Most of the widespread storms stayed south of the Tennessee Valley region Wednesday, and it looks about the same for Thursday: higher rain chances south, few if any downpours around North Alabama and Tennessee. Expect the heat and humidity to keep it feeling like summertime, though! Daytime highs top out close to 90ºF with a heat index around 91ºF to 94ºF between 1 PM and 5 PM Thursday.
We’re keeping track of a large area of disturbed weather over the Yucatan Peninsula that has potential to become a tropical depression or storm in the next five days. Whether it develops or not, we do see an increased threat of rain and thunderstorms coming up over the Memorial Day Weekend. Several models take the system north along the gulf coast bringing heavy rainfall.
Stay ahead of the storms: You can keep track of scattered storms, see the radar, and get heavy rain and lightning alerts with Live Alert 19! You will see the lightning and hear the thunder before you get an alert, but the app can tell you if that strike was within 8 miles. If it is within 8 miles, you should move inside immediately.
Friday through Memorial Day: This ‘disturbance’ near Cancun doesn’t even get into the Gulf of Mexico until Friday night, so the increase in scattered shower/storm coverage Friday comes well ahead of that as tropical moisture flows northbound.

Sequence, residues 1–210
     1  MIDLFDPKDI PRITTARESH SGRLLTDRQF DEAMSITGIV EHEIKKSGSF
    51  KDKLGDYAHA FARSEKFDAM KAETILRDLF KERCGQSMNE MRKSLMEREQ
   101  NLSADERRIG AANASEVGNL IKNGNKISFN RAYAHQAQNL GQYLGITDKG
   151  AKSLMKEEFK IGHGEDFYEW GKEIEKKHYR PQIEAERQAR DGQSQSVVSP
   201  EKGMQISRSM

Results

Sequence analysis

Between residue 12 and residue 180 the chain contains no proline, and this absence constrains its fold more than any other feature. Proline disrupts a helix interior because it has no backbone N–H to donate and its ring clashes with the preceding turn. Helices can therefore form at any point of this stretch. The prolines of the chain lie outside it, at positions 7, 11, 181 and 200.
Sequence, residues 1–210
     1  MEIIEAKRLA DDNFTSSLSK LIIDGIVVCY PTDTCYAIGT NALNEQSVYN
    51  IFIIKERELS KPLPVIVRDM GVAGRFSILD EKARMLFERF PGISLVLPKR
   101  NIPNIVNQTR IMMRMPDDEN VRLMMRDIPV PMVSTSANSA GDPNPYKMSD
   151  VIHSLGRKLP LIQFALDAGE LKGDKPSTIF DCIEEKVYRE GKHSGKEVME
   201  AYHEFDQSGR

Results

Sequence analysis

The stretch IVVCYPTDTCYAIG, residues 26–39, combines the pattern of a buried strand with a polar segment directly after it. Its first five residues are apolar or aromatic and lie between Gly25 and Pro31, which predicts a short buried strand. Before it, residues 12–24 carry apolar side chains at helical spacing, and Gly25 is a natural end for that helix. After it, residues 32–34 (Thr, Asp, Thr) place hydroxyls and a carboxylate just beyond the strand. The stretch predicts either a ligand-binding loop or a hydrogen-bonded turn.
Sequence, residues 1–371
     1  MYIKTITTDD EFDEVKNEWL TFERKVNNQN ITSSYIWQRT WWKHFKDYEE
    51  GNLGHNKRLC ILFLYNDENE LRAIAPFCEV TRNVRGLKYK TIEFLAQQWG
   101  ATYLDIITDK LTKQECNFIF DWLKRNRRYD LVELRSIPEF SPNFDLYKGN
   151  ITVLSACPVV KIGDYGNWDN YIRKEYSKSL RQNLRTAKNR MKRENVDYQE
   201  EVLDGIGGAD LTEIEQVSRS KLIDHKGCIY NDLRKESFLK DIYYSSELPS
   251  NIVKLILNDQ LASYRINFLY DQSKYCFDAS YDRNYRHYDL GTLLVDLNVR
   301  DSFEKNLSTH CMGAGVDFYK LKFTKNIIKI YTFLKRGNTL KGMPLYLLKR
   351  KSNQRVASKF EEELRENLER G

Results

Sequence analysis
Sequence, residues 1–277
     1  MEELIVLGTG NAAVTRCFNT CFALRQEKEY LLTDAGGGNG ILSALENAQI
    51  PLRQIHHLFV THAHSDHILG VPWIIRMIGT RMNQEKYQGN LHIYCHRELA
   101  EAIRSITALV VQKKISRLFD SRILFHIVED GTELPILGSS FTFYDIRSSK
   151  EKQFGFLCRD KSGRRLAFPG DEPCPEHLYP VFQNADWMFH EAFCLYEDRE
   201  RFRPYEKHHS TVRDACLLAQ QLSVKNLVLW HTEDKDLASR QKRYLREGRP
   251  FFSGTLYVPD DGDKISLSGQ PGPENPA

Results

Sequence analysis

Expect a good covering of heavy downpours on Friday: especially south of Huntsville. On Saturday and Sunday, those downpours become even more widespread and some could produce a lot of heavy rain in a short time! Rainfall rates in downpours like these can give you more than one inch of rain in 30 minutes or less. Look for more of the same on Memorial Day (Monday): clouds, occasional showers and thunderstorms, and a little less heat (highs in the low/middle 80s).
What about the coast? The Alabama and Florida Gulf Coasts stand to get a lot of rain over the weekend: as much as 1-2” of rain each day from Saturday to Monday. If, and it’s a big if a tropical depression or storm does develop and move into the area, that will increase the winds, rip currents, and bring a threat of severe storms to the coastline through Monday.
Typical summertime pattern: It’s still technically four weeks until summer officially begins on June 21st, but the weather pattern we find ourselves in already says summer. That won’t be changing anytime soon.
Expect more hot, humid days, sticky nights, and a daily dose of spotty, hit-or-miss showers and thunderstorms through next week and through the first few days of June.